Running Knees!


Does Running Cause Osteoarthritis in the Hip or Knee?


Running is an excellent activity to promote general health and well-being, both physical and mental.

However, running injuries are common, and concern is sometimes raised that running might lead to osteoarthritis (OA) in weight bearing joints.

The well known benefits of running include improved cardiovascular fitness, strength and endurance. It also reduces the risk of developing hypertension, improves bone density, has a positive effect on mood, and improves cognition.

However, the question is, could the potential joint damage outweigh some of these advantages and lead to accelerated bone and joint degeneration resulting in pain and subsequent immobility?

There have been several studies done regarding the association between running and OA, seemingly reaching similar conclusions.

In 2008, The American Journal of Preventative Medicine presented a prospective study which had been carried out over 20 years to determine if there were differences in the progression of knee OA in middle to older age runners compared with healthy non-runners using serial x-ray observation.

This study concluded that long-distance running among healthy older individuals was not associated with accelerated radiographic OA suggesting that OA may not be more common among runners.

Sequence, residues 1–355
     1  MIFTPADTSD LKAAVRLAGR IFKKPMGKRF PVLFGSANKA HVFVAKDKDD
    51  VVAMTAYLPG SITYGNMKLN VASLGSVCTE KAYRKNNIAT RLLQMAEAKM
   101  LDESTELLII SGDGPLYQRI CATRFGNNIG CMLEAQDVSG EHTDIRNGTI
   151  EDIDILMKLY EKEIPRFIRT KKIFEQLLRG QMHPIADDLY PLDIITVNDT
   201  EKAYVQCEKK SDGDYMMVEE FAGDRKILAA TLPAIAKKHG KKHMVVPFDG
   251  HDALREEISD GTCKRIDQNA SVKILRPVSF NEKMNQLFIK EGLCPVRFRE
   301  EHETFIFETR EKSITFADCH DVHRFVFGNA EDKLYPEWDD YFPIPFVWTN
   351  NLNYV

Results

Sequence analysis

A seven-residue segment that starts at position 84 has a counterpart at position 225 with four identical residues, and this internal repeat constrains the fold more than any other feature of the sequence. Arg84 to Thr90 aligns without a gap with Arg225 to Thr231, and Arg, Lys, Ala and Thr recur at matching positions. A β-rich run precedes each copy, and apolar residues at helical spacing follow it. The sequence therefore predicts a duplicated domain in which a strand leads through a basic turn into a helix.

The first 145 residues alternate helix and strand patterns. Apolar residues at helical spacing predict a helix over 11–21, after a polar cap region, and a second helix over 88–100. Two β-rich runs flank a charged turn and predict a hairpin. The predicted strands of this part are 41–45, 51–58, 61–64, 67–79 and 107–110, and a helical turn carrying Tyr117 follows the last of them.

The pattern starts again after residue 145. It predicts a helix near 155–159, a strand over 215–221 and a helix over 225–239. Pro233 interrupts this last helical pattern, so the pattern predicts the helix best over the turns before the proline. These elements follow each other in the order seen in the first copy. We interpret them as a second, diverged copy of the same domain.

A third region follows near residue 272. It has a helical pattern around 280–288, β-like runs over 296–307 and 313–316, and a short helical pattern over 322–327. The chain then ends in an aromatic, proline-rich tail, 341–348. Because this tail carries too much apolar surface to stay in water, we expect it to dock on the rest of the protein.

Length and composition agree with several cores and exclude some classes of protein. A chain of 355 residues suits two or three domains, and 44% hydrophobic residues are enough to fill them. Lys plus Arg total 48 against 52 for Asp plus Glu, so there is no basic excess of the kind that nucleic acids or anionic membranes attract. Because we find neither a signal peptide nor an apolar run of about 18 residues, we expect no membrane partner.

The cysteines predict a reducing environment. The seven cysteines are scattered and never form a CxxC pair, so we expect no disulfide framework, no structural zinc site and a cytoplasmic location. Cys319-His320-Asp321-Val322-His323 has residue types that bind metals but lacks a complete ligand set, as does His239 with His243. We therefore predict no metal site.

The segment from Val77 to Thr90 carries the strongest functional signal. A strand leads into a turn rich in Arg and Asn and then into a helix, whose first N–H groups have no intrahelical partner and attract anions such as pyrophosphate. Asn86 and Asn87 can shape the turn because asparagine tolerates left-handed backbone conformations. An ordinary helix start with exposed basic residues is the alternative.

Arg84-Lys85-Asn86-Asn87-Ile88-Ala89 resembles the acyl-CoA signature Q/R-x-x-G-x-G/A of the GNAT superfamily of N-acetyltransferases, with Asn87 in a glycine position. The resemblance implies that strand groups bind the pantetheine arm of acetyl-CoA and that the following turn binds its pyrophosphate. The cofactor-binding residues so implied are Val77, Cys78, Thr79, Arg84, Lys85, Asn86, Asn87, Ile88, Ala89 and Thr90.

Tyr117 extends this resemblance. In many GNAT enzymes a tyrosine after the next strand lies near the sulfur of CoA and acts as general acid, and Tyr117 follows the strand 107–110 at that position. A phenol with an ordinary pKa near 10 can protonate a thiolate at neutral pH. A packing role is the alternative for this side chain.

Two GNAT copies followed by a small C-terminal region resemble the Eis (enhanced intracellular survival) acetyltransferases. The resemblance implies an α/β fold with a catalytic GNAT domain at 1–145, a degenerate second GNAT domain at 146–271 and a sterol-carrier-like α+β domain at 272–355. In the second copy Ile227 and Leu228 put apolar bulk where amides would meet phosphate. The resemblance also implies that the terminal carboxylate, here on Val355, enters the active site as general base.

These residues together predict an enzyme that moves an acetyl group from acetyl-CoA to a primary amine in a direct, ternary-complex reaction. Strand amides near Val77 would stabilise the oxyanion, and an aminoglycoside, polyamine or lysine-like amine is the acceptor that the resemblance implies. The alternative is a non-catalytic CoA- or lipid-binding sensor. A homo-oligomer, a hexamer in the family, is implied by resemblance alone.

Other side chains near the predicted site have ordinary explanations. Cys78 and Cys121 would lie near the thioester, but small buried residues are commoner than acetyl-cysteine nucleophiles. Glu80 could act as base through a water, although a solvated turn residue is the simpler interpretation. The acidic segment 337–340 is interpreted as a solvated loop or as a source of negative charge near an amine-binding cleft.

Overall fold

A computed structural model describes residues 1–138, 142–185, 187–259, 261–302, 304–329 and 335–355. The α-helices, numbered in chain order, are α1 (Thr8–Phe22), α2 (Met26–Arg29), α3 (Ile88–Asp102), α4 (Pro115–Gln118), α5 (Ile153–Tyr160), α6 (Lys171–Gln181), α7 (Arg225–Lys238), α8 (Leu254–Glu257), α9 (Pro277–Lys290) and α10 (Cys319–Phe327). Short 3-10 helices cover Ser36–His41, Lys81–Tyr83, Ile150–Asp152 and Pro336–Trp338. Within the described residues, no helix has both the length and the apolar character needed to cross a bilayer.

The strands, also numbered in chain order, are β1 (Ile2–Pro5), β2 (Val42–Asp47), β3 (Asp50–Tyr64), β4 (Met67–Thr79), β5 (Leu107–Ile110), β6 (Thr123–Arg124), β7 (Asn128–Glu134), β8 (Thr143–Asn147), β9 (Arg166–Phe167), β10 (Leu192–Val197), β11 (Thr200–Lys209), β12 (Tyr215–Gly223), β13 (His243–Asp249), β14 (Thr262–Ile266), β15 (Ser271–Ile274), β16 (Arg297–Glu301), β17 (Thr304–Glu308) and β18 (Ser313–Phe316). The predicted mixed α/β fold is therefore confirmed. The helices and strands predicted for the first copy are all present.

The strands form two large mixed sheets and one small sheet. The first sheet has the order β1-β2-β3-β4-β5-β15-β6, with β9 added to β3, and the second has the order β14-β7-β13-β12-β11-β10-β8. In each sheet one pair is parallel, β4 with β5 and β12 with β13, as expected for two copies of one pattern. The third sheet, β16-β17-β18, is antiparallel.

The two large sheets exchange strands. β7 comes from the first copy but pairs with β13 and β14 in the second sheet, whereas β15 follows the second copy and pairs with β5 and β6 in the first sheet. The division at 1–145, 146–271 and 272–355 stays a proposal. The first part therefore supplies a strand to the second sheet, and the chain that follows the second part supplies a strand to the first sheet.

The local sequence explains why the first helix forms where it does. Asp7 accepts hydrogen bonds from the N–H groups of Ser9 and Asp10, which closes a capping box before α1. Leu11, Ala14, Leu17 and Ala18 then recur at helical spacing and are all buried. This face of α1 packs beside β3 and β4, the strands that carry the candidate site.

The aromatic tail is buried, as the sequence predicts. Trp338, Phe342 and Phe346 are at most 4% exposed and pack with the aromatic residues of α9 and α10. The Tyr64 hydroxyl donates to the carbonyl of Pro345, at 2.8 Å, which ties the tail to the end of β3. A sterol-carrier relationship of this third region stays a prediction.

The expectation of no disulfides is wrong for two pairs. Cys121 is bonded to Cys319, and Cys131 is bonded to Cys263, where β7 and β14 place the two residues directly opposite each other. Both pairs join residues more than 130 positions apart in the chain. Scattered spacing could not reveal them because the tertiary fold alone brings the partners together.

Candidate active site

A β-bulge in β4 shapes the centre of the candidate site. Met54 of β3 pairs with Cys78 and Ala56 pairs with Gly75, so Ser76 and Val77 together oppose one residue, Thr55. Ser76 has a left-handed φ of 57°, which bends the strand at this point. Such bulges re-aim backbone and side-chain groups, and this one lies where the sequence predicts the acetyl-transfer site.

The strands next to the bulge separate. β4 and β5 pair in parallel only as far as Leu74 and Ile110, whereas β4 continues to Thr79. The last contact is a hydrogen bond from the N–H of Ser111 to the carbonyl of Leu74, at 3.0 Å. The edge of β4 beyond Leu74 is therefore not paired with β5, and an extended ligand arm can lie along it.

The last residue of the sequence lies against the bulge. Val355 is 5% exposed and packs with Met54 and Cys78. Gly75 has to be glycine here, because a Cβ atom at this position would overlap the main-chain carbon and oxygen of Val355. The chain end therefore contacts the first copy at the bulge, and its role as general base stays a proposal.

This is good news for runners out there!  However, running is not without risk - overload injuries that affect bones, ligaments, tendons and muscles are common.

One of the most common running injuries is iliotibial band syndrome which can be very painful and disabling due to severe pain on the outside of the knee joint. The iliotibial band works with the knee ligaments to stabilise the knee joint. ITB syndrome happens when the IT band rubs repeatedly against the lower end of the thigh bone as it joins the knee, causing inflammation and pain.

The pain may be sharp and/or achey, sometimes extending further up the side of the leg as far as the hip. It may start at a certain point during runs and ease as soon as you stop.


ITB syndrome is an overuse injury so tends to worsen with repeated movement.

Risk factors to developing this condition include; 

- running increasingly long distances for training.

- being new to running and increasing distance.

- wearing worn-out running shoes.

- running on slippery or uneven ground.

- foot overpronation- foot rolls in when you run.

If the pain does not resolve after a couple of weeks with rest, stretching and ice and you cannot return to normal activities, osteopathic treatment may be advisable. Your osteopath can advise on suitable re-hab exercises/stretches as well as providing symptomatic relief with soft-tissue massage and manipulation to related tensions in the knee, hip and lower back which may be preventing a full recovery.

Call the team at the Trinity Practice for personalised expert help.

Telephone:  01747 851726

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Selected Saturdays, please call for availability, closed bank holidays.






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